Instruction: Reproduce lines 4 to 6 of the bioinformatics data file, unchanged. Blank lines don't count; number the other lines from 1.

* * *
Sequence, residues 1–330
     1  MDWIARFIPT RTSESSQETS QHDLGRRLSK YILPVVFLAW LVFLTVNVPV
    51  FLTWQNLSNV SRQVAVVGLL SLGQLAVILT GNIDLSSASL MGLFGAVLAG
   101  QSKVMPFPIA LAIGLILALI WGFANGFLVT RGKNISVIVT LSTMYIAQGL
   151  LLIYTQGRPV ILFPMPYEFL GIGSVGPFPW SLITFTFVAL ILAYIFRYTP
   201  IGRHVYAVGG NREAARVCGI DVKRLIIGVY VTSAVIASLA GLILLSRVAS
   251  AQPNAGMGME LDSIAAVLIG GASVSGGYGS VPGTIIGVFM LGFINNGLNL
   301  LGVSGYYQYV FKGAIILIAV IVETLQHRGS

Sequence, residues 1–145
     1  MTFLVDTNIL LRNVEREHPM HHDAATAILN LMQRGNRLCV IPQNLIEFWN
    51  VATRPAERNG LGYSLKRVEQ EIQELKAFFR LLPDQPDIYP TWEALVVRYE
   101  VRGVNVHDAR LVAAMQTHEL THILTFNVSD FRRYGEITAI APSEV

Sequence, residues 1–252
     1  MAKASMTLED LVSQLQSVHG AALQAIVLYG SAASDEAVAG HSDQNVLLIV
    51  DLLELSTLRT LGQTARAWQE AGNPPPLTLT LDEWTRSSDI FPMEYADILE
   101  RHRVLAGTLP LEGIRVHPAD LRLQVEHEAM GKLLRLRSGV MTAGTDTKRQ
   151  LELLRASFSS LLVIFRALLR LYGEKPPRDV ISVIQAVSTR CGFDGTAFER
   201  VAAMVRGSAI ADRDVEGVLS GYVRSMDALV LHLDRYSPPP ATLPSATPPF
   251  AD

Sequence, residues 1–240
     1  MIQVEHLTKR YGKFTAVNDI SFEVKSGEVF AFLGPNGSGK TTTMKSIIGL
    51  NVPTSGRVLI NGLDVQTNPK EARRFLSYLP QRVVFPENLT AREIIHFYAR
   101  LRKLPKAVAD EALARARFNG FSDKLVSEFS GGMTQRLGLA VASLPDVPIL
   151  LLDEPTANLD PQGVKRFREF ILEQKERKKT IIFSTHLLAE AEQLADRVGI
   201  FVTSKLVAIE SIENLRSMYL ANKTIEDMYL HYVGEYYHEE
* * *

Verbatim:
   101  QSKVMPFPIA LAIGLILALI WGFANGFLVT RGKNISVIVT LSTMYIAQGL
   151  LLIYTQGRPV ILFPMPYEFL GIGSVGPFPW SLITFTFVAL ILAYIFRYTP
   201  IGRHVYAVGG NREAARVCGI DVKRLIIGVY VTSAVIASLA GLILLSRVAS